MIKE Richards posed the question recently in an article in The Age (January 3): “How do we give effect to Australia’s moral and international legal obligations and responsibilities to provide safety and protection to asylum seekers?”
In my mind’s eye I am haunted by a photo of a group of children taken in a Jewish concentration camp during World War II. Their eyes are vacant, fearful, their fate almost certainly pre-ordained.
I see those same faces 70 years later standing behind a similar fence ringed with barbed wire, guards surrounding the compound, faces of bewildered, confused and innocent children. It won’t be the gas chambers for this group of children but it will be death of a sort, if somewhat slower.
I am talking about the concentration camps (it is difficult to apply any other name) on Manus, Christmas Island and Nauru, all holding desperate people who fled death and destruction in their own countries to seek a safer life for their children in Australia. The UNHCR estimates there are 16 million refugees worldwide and one million asylum seekers. Our refugee numbers to Australia are miniscule.
I worked on Ocean Island, close to Nauru. I know those quarries where the phosphate has been removed and where the detention centre is now placed. If conditions are as inhumane as is claimed for adults, then for children, some without parents, they must be intolerable. Those sharp white stones resemble shards of glass. Many of the children have grown out of their shoes so walking is painful and almost impossible. No more shoes have been forthcoming.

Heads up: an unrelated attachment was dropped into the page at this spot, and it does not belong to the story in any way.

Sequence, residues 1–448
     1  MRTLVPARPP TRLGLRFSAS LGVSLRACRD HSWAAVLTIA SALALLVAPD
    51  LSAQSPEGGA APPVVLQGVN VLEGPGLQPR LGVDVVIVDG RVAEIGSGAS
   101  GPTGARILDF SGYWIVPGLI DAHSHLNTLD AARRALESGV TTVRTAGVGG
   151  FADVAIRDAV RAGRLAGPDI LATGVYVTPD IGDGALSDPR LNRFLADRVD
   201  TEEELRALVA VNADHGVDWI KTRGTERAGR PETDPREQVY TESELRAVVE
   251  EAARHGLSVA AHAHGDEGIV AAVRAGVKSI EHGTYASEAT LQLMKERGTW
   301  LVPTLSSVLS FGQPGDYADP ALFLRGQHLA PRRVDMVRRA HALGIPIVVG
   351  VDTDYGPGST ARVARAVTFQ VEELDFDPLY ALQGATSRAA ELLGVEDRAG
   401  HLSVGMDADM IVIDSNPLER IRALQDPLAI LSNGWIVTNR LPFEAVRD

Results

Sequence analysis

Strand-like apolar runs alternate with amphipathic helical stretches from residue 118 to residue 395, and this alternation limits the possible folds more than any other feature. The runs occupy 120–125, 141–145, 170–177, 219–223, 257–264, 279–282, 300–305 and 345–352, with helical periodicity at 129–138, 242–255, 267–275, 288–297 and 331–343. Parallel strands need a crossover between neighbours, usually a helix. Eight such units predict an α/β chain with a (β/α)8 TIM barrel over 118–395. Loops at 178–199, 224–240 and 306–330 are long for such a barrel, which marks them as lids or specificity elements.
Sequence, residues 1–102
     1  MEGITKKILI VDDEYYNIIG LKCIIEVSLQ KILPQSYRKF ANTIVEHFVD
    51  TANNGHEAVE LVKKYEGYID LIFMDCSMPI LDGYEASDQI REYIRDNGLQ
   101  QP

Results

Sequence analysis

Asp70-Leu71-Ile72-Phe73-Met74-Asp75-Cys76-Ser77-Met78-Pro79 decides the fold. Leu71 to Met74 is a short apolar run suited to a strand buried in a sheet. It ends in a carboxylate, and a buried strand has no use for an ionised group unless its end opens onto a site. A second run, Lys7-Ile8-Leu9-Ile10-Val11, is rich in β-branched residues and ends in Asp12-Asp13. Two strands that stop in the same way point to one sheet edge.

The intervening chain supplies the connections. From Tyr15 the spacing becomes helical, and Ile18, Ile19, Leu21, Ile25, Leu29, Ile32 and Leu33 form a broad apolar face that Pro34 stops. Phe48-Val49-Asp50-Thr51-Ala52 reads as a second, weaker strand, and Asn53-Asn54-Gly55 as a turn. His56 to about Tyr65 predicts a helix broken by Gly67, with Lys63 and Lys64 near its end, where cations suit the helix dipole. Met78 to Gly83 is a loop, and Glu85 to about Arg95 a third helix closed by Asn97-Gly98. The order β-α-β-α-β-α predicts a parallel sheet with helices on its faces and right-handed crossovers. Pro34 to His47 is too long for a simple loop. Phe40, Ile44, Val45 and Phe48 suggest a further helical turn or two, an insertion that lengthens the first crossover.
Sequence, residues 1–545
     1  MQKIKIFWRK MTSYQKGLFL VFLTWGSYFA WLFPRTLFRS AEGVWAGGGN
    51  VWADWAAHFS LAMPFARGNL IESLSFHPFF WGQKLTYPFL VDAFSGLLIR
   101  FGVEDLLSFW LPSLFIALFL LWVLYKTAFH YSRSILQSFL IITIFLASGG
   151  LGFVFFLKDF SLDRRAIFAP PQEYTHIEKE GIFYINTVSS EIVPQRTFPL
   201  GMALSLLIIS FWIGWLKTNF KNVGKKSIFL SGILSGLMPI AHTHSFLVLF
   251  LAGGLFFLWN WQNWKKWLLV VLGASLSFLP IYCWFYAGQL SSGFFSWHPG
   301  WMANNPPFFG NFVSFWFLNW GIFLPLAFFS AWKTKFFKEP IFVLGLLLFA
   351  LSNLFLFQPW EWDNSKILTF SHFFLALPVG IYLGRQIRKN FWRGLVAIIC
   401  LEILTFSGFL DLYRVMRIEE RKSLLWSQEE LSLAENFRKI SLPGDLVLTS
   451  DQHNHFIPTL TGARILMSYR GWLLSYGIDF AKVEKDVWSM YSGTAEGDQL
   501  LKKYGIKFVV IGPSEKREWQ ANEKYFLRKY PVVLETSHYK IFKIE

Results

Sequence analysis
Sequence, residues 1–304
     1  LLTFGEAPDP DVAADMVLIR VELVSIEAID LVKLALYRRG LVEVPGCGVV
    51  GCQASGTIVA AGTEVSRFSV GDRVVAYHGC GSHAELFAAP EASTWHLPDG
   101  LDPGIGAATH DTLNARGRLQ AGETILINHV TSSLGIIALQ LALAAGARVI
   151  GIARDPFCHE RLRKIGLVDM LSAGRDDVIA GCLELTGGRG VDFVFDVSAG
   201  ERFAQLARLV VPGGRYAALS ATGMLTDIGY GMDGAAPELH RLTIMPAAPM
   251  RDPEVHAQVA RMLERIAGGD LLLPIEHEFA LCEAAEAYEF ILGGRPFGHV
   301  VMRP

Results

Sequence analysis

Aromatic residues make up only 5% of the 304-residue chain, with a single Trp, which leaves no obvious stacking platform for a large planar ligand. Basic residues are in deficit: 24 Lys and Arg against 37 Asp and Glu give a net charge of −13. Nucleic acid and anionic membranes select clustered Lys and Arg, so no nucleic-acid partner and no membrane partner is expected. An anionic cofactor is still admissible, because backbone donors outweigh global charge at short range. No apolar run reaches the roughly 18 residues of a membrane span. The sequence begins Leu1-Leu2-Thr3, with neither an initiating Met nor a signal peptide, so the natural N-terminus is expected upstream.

These children have no school they can attend, no toys The white stones of the quarry resemble a heat bank during the day.
Unaccompanied children without family support are entitled to a family environment in Australia where they can feel safe and protected. Look at your own children – would you want them fending for themselves at such a vulnerable age, and in conditions that are so brutal and squalid?
Conditions on the other two islands are equally intolerable.
Who is driving this inhumane treatment? We have an ex-seminarian who is a committed Catholic and is also our prime minister, and a born-again fundamentalist Christian who is the minister for immigration. They do a disservice to Christianity. Australia has always been a sensible, generous, fair country, not inclined towards fanaticism. We have matured and enriched our society, absorbing the vulnerable refugees of the world in decades past.
We are so “not Australian” at present, completely at odds with basic standards of human decency, and neither major political party is willing to change. The Greens party is a lone voice in this wilderness.
Australia is breaking the 1951 Refugee Convention. The UNHCR has reported that conditions in the camps are inhumane, unsafe and unfair. That should be a wake-up call to all Australians to demand different, better options in the treatment of refugees, and in particular the children, accompanied or unaccompanied.
We now know of the stolen generations of Aboriginal children, the stolen generations of children of single mothers, the sexually and physically abused children who were in the care of religious orders, and we are about to experience the next horror story, our treatment of refugees, particularly the children.
We should not, must not remain silent when basic human rights are being transgressed by our lawmakers.
Our own federal member Lisa Chesters is another lone voice in this wilderness. Good for her. Email her. Our voices can make a difference!